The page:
There’s nothing like being in a foreign country to make you more aware of your own. I’m writing this blog post from the comfort of the Maori whare runanga (meeting house) section on the upper level of the lovely Auckland Public Library. Ironically (or not) the traditional carved spiritual ‘story-telling’ motifs of the Maori, complete with the familiar haka (male war dance with protruding tongues, is nestled next to a display of first-edition English children’s books, including Winnie-the Pooh, Alice-in-Wonderland, and The Tale of Peter Rabbit. Happy hoppity hobbity hybridity.
The term ‘happy hybridity’ comes from New Zealander Professor Jacqueline Lo, who now teaches at the Australian National University in Canberra. Dr. Lo writes about the politics (and economy) of feel-good multiculturalism vs. the difficult politics of anti-racism. The photograph I’m including in this post is of a mural at an Auckland bus stop, nicely illustrating the perceived Utopian ideal of happy hybridity/multiculturalism. As in most places in the world, this is the public face or veneer of peaceful blending of cultures (and socio-economic classes) that we all like to project. It is never nice to dig deeper, to look in people’s garbage bins or their medicine cabinets, to peek behind the public face/masks, even if they are in our own backyards–or are our own. I always feel conflicted when I travel to and live in another country (I’m here teaching in New Zealand for three months); I want to keep a critical gaze on a place but I also don’t want to become a cynical, ungrateful guest: just another Ugly American Tourist.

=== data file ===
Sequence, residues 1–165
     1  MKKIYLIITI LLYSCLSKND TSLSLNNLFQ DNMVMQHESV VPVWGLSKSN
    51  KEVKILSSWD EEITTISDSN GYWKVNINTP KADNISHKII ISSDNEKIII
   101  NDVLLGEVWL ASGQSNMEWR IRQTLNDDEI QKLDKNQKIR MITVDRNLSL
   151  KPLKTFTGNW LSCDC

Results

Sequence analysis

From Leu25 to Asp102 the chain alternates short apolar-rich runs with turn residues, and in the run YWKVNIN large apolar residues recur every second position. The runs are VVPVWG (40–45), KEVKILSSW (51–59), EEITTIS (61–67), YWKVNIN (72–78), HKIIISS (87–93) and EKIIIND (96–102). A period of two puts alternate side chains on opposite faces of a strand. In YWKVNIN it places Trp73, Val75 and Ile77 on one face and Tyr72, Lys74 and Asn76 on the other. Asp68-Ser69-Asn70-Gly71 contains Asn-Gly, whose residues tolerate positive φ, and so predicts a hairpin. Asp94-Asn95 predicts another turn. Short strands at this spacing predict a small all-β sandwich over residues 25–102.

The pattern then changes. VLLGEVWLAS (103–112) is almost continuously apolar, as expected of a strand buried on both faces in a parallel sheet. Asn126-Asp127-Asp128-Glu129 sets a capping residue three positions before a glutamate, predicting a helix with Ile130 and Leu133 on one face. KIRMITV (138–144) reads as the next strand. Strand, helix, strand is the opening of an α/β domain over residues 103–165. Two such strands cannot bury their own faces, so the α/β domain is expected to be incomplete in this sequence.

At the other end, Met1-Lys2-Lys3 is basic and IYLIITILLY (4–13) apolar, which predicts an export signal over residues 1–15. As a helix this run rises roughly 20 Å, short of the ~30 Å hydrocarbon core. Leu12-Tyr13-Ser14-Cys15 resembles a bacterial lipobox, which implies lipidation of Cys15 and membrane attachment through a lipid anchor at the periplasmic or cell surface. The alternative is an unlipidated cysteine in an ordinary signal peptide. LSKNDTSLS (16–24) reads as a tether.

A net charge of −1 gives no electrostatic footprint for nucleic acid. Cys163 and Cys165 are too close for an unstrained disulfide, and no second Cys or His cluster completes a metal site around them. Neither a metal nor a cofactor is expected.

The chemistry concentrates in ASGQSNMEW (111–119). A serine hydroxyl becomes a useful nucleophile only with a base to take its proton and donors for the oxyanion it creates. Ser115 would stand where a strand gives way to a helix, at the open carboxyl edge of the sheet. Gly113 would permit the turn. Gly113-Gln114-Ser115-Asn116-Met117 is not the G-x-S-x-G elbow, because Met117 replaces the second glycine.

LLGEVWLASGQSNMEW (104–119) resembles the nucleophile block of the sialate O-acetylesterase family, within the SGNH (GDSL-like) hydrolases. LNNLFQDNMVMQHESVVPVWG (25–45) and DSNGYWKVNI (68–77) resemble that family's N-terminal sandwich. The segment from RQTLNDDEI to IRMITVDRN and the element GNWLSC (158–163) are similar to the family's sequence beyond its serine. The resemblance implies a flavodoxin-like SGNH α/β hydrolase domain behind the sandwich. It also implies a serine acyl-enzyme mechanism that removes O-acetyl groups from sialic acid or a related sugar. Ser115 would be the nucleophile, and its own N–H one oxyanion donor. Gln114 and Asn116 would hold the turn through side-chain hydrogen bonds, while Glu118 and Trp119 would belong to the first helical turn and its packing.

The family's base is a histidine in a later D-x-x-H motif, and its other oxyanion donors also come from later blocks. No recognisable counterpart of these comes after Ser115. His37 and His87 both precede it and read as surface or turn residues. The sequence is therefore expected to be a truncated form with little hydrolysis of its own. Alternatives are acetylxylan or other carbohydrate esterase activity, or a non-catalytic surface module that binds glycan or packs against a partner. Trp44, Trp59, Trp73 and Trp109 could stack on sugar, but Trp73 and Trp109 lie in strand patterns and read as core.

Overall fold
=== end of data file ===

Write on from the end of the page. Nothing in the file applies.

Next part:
In doing some reflection on these complex issues, I stumbled across a wonderful blog post “Postcards from the Edge” by Ruth DeSouza (her blog is called Nurse Academic in Australia). In this post she writes about happy hybridity vs. the politics of racism within a New Zealand context, from her perspective as a New Zealand Indian now living in Australia. She does a great job of ‘complicating’ the issues of race/class/culture.
So I continue to reflect on my own racial/ethnic class biases as I go off in search of happy multicultural Hobbits. Did anyone notice Peter Jackson’s almost humorous attempts to be more racially/ethnically inclusive in his latest Hobbit movie? There were–gasp!–dark-skinned ‘good people’ in Laketown, although he still cast Maori actors in roles as part of the ‘dark forces of evil.’
For an excellent ‘close to home’ (for me anyway) short video/documentary on Seattle’s own historical roots (and current consequences) of racism/classism, I recommend historian Shaun Scott’s “A Really Nice Place to Live” (linked on the University of Washington’s Seattle Civil Rights and Labor History Project). It’s worth a view and a share. I use it in my courses and it always provokes good classroom discussion on an often ‘taboo’ topic in nursing.